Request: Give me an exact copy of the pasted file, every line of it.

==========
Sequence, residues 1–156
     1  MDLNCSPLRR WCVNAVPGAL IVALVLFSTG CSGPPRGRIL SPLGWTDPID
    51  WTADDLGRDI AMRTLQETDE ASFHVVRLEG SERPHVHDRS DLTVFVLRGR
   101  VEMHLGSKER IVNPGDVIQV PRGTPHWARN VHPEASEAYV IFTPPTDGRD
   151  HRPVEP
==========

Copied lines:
Sequence, residues 1–156
     1  MDLNCSPLRR WCVNAVPGAL IVALVLFSTG CSGPPRGRIL SPLGWTDPID
    51  WTADDLGRDI AMRTLQETDE ASFHVVRLEG SERPHVHDRS DLTVFVLRGR
   101  VEMHLGSKER IVNPGDVIQV PRGTPHWARN VHPEASEAYV IFTPPTDGRD
   151  HRPVEP